Study Guide

Proverbs Family

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Hear, my child, your father's instruction, and do not reject your mother's teaching; for they are a fair garland for your head, and pendants for your neck. (NRSV 1:8-9)

My son, hear the instruction of thy father, and forsake not the law of thy mother: for they shall be an ornament of grace unto thy head, and chains about thy neck. (KJV 1:8-9)

Proverbs is very parental in tone and nature—the whole thing is structured as being the kind of (oft repetitive) advice a parent might give to a child.

A good wife is the crown of her husband, but she who brings shame is like rottenness in his bones. (NRSV 12:4)

A virtuous woman is a crown to her husband: but she that maketh ashamed is as rottenness in his bones. (KJV 12:4)

Again, really straightforward: good wives benefit you, and bad wives will cheat on you or sell all your prize Star Wars action figures or, at least, take them out of their original packaging.

Those who spare the rod hate their children, but those who love them are diligent to discipline them. (NRSV 13:24)

He that spareth his rod hateth his son: but he that loveth him chasteneth him betimes. (KJV 13:24)

This is one of the Bible's most controversial moments: recommending corporal punishment. Will beating kids (with rods?) make them better people? We let you decide.

A wise child makes a glad father, but the foolish despise their mothers. (NRSV 15:20)

A wise son maketh a glad father: but a foolish man despiseth his mother. (KJV 15:20)

Again, really straightforward: love your parents, because they raised you and made you what you are.

Gray hair is a crown of glory; it is gained in a righteous life. (NRSV 16:31)

The hoary head is a crown of glory, if it be found in the way of righteousness. (KJV 16:31)

Proverbs really likes the elderly. Since it was likely written and compiled by wise elders, you might say this is ever so slightly self-serving—though rightly and understandably so.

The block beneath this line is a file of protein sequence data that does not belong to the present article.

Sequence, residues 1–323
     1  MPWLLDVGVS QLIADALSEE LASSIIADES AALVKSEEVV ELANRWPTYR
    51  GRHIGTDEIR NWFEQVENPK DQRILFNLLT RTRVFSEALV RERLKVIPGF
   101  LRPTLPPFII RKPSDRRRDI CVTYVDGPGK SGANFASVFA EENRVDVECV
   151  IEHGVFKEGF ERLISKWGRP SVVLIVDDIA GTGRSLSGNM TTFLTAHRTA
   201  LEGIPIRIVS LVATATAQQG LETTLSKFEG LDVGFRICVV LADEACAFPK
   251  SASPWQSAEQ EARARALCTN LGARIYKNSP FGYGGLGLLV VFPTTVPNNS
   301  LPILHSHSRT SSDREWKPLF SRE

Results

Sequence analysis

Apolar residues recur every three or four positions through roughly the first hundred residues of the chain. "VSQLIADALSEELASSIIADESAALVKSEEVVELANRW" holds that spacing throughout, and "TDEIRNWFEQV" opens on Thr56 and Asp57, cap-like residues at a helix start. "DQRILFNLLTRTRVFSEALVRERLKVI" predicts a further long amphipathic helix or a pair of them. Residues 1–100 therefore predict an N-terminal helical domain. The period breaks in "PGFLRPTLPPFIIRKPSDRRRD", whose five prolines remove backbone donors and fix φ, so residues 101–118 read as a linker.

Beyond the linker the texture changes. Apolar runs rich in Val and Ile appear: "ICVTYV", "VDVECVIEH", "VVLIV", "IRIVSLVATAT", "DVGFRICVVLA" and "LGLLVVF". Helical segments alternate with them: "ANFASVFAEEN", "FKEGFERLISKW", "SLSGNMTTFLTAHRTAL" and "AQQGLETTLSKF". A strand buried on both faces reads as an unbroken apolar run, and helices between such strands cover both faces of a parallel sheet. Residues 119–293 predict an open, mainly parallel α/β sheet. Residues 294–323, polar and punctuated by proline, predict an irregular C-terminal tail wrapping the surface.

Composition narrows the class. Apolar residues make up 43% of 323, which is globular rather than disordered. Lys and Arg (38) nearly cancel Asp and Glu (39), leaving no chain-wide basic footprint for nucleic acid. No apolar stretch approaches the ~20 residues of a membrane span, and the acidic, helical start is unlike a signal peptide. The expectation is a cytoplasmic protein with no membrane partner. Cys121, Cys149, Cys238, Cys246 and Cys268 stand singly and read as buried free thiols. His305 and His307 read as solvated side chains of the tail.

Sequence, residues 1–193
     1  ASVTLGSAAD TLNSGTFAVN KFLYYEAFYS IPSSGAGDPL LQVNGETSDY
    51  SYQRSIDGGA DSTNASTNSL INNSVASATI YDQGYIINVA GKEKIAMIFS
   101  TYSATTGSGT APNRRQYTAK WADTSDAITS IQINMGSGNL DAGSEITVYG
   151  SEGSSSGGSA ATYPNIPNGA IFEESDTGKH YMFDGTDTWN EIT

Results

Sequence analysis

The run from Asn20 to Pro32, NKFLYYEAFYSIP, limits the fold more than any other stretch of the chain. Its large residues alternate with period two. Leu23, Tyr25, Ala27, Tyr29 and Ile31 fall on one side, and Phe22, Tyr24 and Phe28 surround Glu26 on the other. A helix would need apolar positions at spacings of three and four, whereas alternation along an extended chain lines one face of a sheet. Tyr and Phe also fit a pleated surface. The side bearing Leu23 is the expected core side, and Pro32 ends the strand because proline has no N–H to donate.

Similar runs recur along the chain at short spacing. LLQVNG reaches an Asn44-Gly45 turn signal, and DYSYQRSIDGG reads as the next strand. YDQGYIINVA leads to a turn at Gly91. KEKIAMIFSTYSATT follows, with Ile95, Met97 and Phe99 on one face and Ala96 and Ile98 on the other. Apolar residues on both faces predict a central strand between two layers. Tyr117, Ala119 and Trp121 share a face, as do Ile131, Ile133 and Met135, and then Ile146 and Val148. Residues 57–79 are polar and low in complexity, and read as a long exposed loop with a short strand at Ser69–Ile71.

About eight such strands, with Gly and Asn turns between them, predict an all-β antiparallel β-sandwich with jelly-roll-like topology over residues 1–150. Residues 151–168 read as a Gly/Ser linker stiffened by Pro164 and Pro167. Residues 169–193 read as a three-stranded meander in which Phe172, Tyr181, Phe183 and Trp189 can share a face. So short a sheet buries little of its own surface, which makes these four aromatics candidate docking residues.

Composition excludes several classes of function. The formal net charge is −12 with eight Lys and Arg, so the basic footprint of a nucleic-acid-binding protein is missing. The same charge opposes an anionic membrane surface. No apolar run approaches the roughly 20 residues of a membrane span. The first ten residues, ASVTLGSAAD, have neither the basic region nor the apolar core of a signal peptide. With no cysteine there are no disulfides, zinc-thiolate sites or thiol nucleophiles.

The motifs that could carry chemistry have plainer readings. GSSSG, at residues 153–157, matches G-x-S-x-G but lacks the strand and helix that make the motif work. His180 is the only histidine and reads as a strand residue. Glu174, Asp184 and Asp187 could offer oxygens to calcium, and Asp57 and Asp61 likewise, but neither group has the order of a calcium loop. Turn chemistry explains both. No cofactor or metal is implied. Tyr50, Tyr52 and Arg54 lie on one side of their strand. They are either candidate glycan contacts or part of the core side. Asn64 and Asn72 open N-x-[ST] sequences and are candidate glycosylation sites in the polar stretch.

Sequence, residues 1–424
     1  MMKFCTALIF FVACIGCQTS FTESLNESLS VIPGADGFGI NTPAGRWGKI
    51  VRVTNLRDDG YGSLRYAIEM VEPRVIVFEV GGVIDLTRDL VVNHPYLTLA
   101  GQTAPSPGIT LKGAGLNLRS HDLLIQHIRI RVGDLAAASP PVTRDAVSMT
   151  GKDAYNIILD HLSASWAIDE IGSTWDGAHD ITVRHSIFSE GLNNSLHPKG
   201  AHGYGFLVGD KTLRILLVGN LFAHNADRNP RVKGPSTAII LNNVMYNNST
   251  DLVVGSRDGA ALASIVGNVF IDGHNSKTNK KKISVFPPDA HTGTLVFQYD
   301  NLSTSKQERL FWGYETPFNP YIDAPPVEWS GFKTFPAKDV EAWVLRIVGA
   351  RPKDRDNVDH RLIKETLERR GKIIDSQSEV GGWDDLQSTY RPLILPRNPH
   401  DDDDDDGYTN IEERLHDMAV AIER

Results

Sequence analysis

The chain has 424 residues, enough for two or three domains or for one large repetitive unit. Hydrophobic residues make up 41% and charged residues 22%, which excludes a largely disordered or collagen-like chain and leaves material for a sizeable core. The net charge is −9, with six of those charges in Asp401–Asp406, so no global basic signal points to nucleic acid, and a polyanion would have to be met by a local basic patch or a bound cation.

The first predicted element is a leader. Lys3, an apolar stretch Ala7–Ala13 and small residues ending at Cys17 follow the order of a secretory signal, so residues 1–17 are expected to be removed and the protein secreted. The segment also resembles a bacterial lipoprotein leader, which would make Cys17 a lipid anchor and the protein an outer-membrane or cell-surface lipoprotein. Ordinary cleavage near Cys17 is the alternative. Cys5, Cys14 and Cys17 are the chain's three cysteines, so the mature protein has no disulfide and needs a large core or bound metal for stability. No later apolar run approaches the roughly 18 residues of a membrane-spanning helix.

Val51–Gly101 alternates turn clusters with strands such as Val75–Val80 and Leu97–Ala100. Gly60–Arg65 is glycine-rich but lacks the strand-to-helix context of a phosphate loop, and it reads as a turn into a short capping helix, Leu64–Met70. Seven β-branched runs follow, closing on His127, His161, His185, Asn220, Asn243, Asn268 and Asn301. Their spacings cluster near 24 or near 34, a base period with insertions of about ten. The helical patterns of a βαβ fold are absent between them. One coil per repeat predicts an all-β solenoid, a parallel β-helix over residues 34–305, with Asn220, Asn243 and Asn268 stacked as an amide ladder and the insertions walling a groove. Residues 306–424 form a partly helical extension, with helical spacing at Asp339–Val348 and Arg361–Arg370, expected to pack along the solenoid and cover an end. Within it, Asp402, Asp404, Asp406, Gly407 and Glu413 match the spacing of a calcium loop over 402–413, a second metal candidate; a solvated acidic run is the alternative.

Grandchildren are the crown of the aged, and the glory of children is their parents. (NRSV 17:6)

Children's children are the crown of old men; and the glory of children are their fathers. (KJV 17:6)

If you were able to live long enough to see your grandkids in Ancient Israel, you probably were doing something right. So, hey, it's a badge of honor. And if kids can listen to their parents, that'll probably lead to future glory for them, too.

Discipline your children while there is hope; do not set your heart on their destruction. (NRSV 19:18)

Chasten thy son while there is hope, and let not thy soul spare for his crying. (KJV 19:18)

This is yet more "kid beating" advice. Don't let their tears stop you, says Proverbs—they'll destroy themselves without your discipline.

If you curse father or mother, your lamp will go out in utter darkness. (NRSV 20:20)

Whoso curseth his father or his mother, his lamp shall be put out in obscure darkness. (KJV 20:20)

Again, pretty straightforward: without the guiding light of parental advice, you'll be utterly lost—no GPS can save you.

Folly is bound up in the heart of a boy, but the rod of discipline drives it far away. (NRSV 22:15)

Foolishness is bound in the heart of a child; but the rod of correction shall drive it far from him. (KJV 22:15)